What did you learn about yourself?

I have learned that I am 100% capable of advocating for my ideas and beliefs, even in the face of opposition and I can respectfully and intelligently disagree and vocalize my disagreement. My project has shown me that my ideas and solutions are worthwhile and can help the world around me. By spending so much time outside of my comfort zone, I’ve expanded my comfort zone. Countless meetings, proposals, presentations, interviews, etc. have made me feel like I can handle any pressure or task.

How will earning your Gold Award impact you in the future?

My Gold Award has entirely changed my idea of what my future will look like. Going into my project, I was fairly uncertain of what exactly I wanted to do. Throughout my Gold Award journey, I’ve discovered the passion and interest I have in policy and the legislative process. I’ve discovered I want to pursue a career in this area.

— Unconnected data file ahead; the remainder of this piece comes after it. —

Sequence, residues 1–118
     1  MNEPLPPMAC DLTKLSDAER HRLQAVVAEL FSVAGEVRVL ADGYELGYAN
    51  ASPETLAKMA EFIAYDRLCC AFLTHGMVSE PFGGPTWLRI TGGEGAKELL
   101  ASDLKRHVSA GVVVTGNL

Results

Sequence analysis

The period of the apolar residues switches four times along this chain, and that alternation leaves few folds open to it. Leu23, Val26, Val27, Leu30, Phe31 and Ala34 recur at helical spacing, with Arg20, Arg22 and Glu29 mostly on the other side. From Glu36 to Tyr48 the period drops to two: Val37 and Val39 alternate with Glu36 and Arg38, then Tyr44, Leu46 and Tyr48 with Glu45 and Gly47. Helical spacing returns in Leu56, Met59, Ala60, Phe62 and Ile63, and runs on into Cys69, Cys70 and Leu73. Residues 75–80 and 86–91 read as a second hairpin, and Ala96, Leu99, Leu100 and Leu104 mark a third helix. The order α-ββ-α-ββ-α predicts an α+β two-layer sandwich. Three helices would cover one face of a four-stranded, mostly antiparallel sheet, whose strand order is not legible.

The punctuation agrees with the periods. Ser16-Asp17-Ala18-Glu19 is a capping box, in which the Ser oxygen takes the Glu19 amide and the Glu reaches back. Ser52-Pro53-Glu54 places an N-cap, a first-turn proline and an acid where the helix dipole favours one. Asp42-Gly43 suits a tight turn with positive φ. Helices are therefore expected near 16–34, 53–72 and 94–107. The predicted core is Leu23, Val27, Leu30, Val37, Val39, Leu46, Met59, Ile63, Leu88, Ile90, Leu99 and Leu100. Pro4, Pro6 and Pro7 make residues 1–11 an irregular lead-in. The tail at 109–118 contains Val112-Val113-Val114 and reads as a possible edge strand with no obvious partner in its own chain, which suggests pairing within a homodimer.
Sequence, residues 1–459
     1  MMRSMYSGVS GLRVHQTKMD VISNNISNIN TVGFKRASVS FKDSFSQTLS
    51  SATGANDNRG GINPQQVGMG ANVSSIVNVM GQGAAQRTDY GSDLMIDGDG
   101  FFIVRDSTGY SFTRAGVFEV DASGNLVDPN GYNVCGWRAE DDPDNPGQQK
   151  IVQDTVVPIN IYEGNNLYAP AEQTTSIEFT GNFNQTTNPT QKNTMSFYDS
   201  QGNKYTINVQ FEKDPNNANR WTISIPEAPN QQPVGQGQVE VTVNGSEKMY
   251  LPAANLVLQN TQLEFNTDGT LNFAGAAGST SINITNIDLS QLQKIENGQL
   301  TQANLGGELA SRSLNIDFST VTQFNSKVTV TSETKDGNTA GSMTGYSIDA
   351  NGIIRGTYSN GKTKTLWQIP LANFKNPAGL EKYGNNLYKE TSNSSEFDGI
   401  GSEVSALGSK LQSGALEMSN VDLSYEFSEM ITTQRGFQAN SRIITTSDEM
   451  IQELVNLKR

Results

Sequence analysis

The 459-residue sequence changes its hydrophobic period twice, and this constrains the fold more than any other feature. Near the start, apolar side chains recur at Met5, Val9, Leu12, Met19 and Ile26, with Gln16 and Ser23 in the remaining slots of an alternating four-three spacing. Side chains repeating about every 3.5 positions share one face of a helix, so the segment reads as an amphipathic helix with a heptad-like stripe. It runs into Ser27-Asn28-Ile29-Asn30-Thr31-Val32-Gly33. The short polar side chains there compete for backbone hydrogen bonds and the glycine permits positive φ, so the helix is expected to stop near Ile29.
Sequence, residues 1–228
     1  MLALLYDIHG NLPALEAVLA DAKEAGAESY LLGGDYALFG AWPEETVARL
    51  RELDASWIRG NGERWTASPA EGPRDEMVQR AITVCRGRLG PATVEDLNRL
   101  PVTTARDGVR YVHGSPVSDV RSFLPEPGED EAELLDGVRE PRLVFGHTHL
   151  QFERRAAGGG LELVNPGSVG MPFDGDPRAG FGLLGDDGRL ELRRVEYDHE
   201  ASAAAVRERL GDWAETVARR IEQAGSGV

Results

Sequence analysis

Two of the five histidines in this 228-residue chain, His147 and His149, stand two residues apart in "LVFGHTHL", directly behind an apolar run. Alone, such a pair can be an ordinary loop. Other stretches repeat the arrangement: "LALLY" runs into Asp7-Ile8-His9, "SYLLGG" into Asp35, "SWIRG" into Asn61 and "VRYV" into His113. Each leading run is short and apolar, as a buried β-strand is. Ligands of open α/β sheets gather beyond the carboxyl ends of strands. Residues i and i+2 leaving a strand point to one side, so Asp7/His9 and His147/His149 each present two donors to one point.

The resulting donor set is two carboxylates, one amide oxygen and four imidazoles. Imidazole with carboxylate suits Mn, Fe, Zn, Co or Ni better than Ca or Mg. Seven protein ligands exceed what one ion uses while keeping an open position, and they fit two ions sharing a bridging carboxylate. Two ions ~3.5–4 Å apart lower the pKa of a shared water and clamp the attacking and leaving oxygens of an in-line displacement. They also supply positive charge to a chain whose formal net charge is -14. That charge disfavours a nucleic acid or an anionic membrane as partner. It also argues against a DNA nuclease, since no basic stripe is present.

Why do you feel the Gold Award was an important part of your Girl Scout experience?

I feel that earning my Gold Award has allowed me to finally put all the leadership skills Girl Scouts armed me with to use. I was able to truly find real life applications to everything I’ve learned over the years about being assertive and creating change when I see a problem.

How did earning your Gold Award help you become a G.I.R.L. (go-getter, innovator, risk-taker, leader)?

I truly feel that I have become a risk-taker. From speaking about taboo, vulnerable issues in a testimony before a legislative committee, to proposing a resolution to my school board, to lobbying to General Assembly members and senators, my Gold Award has put me in countless situations that would have terrified me a year ago. I have learned to believe in myself and believe that if I put in the work and research, I will be heard, and deserve to be heard. Taking risks throughout my Gold Award project has allowed me to become a braver, stronger, and more confident version of myself.